Alpha‐1 antitrypsin deficiency and cirrhosis 1.5 Unknown, but probably >1.5% per year
Other cirrhosis 1.5 Unknown
Surveillance benefit uncertain
Hepatitis B carriers younger than 40 (males) or 50 (females) 0.2 <0.2% per year
Hepatitis C and stage 3 fibrosis 1.5 <1.5% per year
NAFLD without cirrhosis 1.5 <1.5% per year
Abbreviation: LYG, life‐years gained.


The evidence linking HBV with HCC is unquestioned.25 Active viral replication is associated with higher risk of HCC, and long‐standing active infection with inflammation resulting in cirrhosis is the major event resulting in increased risk.26 The incidence of HCC in inactive HBV carriers without liver cirrhosis (LC) is less than 0.3% per year. The role of specific HBV genotypes or mutations in hepatocarcinogenesis is not well established, especially outside Asia. HBV DNA integrates into the host cellular genome in the majority of cases of chronic hepatitis B (CHB) and induces genetic damage. DNA integration in nontumoral cells in patients with HCC suggests that genomic integration and damage precede the development of tumor. Thus, infection with HBV may be correlated with the emergence of HCC even in the absence of LC. However, most studies does show that the risk of HCC increases markedly in those with cirrhosis.28 HCC incidence among patients without cirrhosis ranged from 0.1 to 0.8 per 100 person‐years whereas incidence in cirrhosis ranged from 2.2 to 4.3 per 100 person‐years. There is strong evidence from prospective cohort studies that persistent HBV e antigen and high levels of HBV serum DNA increase the risk of HCC. There is a multiplicative effect of heavy smoking and alcohol drinking in those with HBV infection, increasing the risk of HCC 9‐fold.29 The implementation of vaccination against HBV, as well as antiviral treatment of HBV infection, has resulted in a significant decrease of HCC incidence,30 proof of the importance of this virus in the genesis of HCC. Family history of HCC in patients with CHB are at a significantly higher risk for developing HCC and should undergo surveillance.31


HCV is the most common cause of HCC in Western countries. Prevalence of HCV in HCC cohorts varies according to the prevelance of HCV within each geographical area. A large, prospective, population‐based study evaluated the risk of HCC in patients with HCV.32 This study included 12,000 men and described a 20‐fold increased risk of HCC in infected individuals. Case series have suggested that HCC can develop in HCV‐infected patients without cirrhosis, but HCC incidence in the absence of advanced fibrosis (AF) is below 1% a year.33 HCC risk sharply increases after cirrhosis develops, with annual incidence ranging between 2% and 8%.34 In addition, in patients with cirrhosis the risk of HCC decreases, but is not completely eliminated even after a sustained response to interferon (IFN)‐based antiviral treatment.35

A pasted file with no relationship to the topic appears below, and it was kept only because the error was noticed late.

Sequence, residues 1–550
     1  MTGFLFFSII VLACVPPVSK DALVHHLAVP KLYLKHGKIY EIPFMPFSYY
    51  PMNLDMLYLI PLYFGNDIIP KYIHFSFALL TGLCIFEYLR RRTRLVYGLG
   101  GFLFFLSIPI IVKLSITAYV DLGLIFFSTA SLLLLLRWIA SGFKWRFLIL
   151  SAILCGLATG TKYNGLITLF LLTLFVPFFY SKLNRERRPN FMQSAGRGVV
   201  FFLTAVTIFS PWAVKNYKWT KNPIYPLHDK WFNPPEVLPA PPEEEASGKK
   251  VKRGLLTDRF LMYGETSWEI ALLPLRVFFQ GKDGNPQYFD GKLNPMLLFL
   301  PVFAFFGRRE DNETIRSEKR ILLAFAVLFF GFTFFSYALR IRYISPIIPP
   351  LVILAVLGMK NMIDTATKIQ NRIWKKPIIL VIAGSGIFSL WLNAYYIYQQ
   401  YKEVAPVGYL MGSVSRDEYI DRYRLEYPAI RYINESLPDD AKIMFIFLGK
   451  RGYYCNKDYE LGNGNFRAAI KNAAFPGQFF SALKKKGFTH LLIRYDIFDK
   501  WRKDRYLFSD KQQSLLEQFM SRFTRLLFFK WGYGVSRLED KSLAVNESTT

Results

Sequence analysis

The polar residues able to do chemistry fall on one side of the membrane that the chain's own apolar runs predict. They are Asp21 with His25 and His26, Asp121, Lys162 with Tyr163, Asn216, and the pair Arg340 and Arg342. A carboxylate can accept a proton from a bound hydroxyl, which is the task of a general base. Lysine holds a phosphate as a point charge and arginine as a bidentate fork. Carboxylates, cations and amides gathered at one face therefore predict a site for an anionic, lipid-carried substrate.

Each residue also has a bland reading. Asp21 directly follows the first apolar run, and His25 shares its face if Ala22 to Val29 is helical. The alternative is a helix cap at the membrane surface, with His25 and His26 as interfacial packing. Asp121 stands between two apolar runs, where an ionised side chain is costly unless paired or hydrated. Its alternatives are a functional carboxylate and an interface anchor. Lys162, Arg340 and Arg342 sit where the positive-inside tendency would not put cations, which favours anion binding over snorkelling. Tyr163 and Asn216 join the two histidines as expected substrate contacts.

Currently, well‐tolerated combinations of DAAs have largely replaced IFN‐based therapy. The rates of sustained virological response (SVR) with combinations of DAAs exceed 95%.36 Importantly, DAA therapy may lead to decreases in portal hypertension (PH) and change the natural history of patients with cirrhosis.37 After initial concern that the incidence of HCC following successful DAA therapy appears to be higher than that observed after IFN therapies, more recent and larger studies have demonstrated that successful DAA therapy is associated with a 71% reduction in HCC risk.38 However, patients with cirrhosis have continued risk of HCC, with HCC being reported even 10 years after SVR.

DAA therapy against HCV infection reduces the risk of developing HCC. A recent study evaluated DAA therapy for those who have already developed HCC. The single‐center study included patients with HCV infection and treated HCC who achieved a complete response.39 A total of 58 patients with treated HCC received DAA and after a median follow‐up of 5.7 months; 3 patients died and 16 developed HCC recurrence. This study was followed by an analysis of three prospective French multicenter cohorts of more than 6,000 patients treated with DAA, of which 660 had curative therapy for HCC.40 The authors found that there was no increased risk of HCC recurrence after DAA treatment when compared to non‐DAA‐treated controls. A systematic review performed on a total of 41 studies (n = 13,875 patients) showed no evidence of increased HCC recurrence risk in patients who achieved DAA‐induced SVR compared to IFN‐based SVR.41 At this time, treating HCV infection should be performed after HCC is completely treated with no evidence of recurrence after an observation period of 3‐6 months.42


It has been estimated that the world‐wide prevalence of NAFLD is around 25% and it is likely to continue to increase.43 An association between NAFLD and HCC is well established.12 In a study comparing the incidence of HCC among patients with HCV infection and NAFLD,44 315 patients with cirrhosis secondary to HCV and 195 with cirrhosis attributed to NAFLD were followed for a median of 3.2 years. Cumulative incidence of HCC was 2.6% in the NAFLD group compared to 4% in the HCV group (P = 0.09). In a large Japanese study, those with NAFLD and AF had a 25‐fold increase in development of HCC compared to those without fibrosis.45 The best available evidence suggests that NAFLD‐related cirrhosis is a risk factor for HCC, but at a lower rate compared to HCV‐related cirrhosis though the annual incidence rate in nonalcoholic steatohepatitis cirrhosis remains higher than 1%. HCC has also been observed in NAFLD patients without cirrhosis, but incidence rates at lower than 1% a year.46 Additional high‐quality prospective studies are needed to confirm these observations. Although it is clear that NAFLD portends a lower risk for HCC than HBV or HCV, the high prevalence of NAFLD in the population underlies the importance of NAFLD in the development of HCC.